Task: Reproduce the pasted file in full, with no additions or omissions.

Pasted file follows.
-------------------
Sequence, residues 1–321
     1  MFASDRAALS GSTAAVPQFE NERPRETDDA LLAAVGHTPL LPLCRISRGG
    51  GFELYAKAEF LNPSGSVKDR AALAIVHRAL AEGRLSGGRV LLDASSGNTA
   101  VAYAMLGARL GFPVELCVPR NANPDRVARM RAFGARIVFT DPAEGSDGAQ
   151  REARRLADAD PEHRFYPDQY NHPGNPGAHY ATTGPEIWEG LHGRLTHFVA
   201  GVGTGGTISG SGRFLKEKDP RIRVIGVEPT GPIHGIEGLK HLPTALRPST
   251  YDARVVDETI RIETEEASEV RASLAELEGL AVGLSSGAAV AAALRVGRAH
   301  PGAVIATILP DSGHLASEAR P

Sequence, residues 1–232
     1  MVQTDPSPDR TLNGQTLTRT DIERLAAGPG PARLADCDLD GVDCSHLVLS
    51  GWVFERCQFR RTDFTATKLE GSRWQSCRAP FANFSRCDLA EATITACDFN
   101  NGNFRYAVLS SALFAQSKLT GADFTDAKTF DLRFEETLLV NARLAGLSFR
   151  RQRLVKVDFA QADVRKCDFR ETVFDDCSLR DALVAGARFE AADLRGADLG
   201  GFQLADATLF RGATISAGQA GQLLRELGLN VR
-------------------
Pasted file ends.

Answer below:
Sequence, residues 1–321
     1  MFASDRAALS GSTAAVPQFE NERPRETDDA LLAAVGHTPL LPLCRISRGG
    51  GFELYAKAEF LNPSGSVKDR AALAIVHRAL AEGRLSGGRV LLDASSGNTA
   101  VAYAMLGARL GFPVELCVPR NANPDRVARM RAFGARIVFT DPAEGSDGAQ
   151  REARRLADAD PEHRFYPDQY NHPGNPGAHY ATTGPEIWEG LHGRLTHFVA
   201  GVGTGGTISG SGRFLKEKDP RIRVIGVEPT GPIHGIEGLK HLPTALRPST
   251  YDARVVDETI RIETEEASEV RASLAELEGL AVGLSSGAAV AAALRVGRAH
   301  PGAVIATILP DSGHLASEAR P

Sequence, residues 1–232
     1  MVQTDPSPDR TLNGQTLTRT DIERLAAGPG PARLADCDLD GVDCSHLVLS
    51  GWVFERCQFR RTDFTATKLE GSRWQSCRAP FANFSRCDLA EATITACDFN
   101  NGNFRYAVLS SALFAQSKLT GADFTDAKTF DLRFEETLLV NARLAGLSFR
   151  RQRLVKVDFA QADVRKCDFR ETVFDDCSLR DALVAGARFE AADLRGADLG
   201  GFQLADATLF RGATISAGQA GQLLRELGLN VR